Spoiler will follow after the Netflix blurb; so if you expect to order it, don't read more here but please come back after you have seen it as I'd like to hear your take. It is not everyone's cup of tea though; so I won't say I recommend it even as I will say I, Farm Boss too, enjoyed it a lot, more than especially he expected.
Henry Joost and Ariel Schulman document the strange series of events that unfolds when a gifted 8-year old painter named Abby contacts Nev, a 24-year-old photographer (and Schulman's brother), through Facebook. After Abby sends Nev a remarkable painting based on one of his photos, Nev begins corresponding with her family -- including her seductive 19-year-old sister. Realizing that something's not quite right, Nev sets out to uncover the truth.As the film, to begin mostly interviews on a webcam, unfolded, I thought I won't write about it here because it's simply too sad, too upsetting as a story, but then it went beyond that to a human connection with need, with the desire to be appreciated, and how our yearning for that can lead us to both create and believe things that aren't what they seem. It can lead to creating a reality that doesn't exist and with the internet, it is possible to bring someone else along for the ride.
First of all the gist of the story is as the blurb explains. It's hard to say for sure but it looks like the beginning idea of the filmmakers, Henry and Ariel, probably was to show relationships online and how it was impacting the life of Ariel's brother, Nev. Some think the whole thing was created to make this story exciting but it didn't seem that way. If it was a fraud, then Nev was a better actor that it appeared.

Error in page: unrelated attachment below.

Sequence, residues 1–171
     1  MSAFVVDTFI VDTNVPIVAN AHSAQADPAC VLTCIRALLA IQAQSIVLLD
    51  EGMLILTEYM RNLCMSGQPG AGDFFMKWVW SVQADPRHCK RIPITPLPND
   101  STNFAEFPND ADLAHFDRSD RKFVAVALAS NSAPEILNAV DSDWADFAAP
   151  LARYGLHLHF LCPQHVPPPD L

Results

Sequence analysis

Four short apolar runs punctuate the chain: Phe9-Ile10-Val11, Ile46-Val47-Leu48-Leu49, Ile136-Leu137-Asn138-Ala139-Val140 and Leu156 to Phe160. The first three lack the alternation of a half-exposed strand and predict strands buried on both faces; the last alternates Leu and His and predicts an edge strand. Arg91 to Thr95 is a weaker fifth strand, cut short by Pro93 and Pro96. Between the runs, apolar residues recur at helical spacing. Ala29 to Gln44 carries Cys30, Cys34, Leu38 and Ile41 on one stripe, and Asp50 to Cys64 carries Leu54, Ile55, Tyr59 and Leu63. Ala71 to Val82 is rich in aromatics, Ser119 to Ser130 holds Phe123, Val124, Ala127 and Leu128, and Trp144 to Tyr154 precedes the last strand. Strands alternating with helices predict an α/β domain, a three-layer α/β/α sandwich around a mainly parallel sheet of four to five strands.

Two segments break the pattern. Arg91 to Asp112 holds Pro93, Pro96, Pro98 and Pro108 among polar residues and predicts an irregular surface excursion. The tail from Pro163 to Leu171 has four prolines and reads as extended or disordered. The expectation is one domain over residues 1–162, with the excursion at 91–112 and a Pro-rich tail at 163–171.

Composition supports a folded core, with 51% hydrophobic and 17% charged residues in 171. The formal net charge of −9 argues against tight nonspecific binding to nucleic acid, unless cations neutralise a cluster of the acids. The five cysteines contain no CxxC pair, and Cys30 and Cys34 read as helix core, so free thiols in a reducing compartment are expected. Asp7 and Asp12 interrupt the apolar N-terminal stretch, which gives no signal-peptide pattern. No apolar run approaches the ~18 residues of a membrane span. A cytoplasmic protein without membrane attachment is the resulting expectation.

In the beginning there is a painting sent to Nev by a child protege. He's very impressed with the art and begins to chat with the girl, Abby, at Facebook. Abby's mother, Angela soon is chatting with him. Abby shows him a painting she did of her mother. Then he was introduced to Abby's older sister, Megan, someone younger than Nev but not too much younger. Megan is living a life the opposite of Nev's where she is buying a horse farm and fully involved with family, friends, art, and nature where Nev's is the bustle of the big city and the push to become a successful photographer.
The words flew between the two young people. Soon the feelings grew. Nev, all on Facebook, meets more and more of Megan's friends. These people post things on their walls that Nev could then read. A possible love but definitely lust begins to grow between the two as Megan is beautiful and innocently very seductive.
If the original goal was to show how love can grow online, something Nev wasn't thrilled to have recorded but was going along with, it soon developed a change of direction as there came suspicions that Megan, possibly Angela and maybe even Abby were lying about their accomplishments and what they were doing.
At this point, I could so relate to this story as I have heard of this and seen it several times online. People create stories, use photos that are old or not even of themselves, and they pull in another who falls in love with a person who doesn't really exist. In those cases usually the person did exist except they don't look like what they are suggesting and saying. They aren't doing the exciting things they are describing. They are using those things as bait.